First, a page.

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Pracownia na rzecz Wszystkich Istot

Protection of large carnivores

Species description

The brown bear (Ursus arctos) is the largest European carnivore and land-based predator.

Its body is massive with shoulder blades characteristically protruding over the line of its back. Brown bears have large heads with small, round ears (10-15 cm), their tails are small (7-8 cm). Their legs are massive with paws directed towards body axis. Bears are plantigrade. It is almost impossible to confuse their tracks with those belonging to other animals. The footprints of their hind paws resemble those of a human – they have 5 fingers and a clearly marked heel. Fingers are topped with curved claws, 3-4 cm long. Fore paws also have 5 fingers and massive, curved claws which are 8 cm long (Hell and Ślamečka 1999). Sex dimorphism is marked only in body size of adult individuals. Males are 170-220 cm long, females’ body length varies between 160 and 200 cm. Males typically weight between 170 and 330 kg, females are smaller – 140 to 210 kg on average (Hell and Sládek 1994, no biometric data from Poland is available). Bear’s weigh fluctuates on yearly basis and may change by 30%. Significant body mass loss is observed when bears emerge from hibernation and after mating season while a distinct increase in weight takes place in autumn when they gorge on food preparing for hibernation.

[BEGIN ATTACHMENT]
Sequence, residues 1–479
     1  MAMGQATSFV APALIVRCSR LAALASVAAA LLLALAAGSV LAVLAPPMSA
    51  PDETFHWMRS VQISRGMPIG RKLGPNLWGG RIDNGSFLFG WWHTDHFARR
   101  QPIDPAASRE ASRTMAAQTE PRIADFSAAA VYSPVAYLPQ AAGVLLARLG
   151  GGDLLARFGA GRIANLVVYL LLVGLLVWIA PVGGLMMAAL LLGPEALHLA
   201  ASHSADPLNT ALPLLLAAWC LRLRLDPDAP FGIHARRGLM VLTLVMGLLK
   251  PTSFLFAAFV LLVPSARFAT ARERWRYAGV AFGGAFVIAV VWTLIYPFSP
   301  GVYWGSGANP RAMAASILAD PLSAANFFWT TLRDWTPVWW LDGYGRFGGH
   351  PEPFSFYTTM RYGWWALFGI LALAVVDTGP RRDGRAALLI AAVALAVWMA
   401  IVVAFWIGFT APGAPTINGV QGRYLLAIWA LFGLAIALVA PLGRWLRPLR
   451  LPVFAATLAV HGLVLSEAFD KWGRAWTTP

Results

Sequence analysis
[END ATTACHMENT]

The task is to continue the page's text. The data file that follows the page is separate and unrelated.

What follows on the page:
In the Carpathians the brown bear’s fur is of various shades of brown – from light to nearly black. Young individuals often have white fur on their neck in the form of a collar.

Information about bear’s senses remains scarce. It is thought that its best developed sense is smell which enables it to find breeding partners (Selva et al. 2011).

Brown bears have 42 teeth adapted for various types of food. They have huge canines, and molars and premolars with large grinding surface.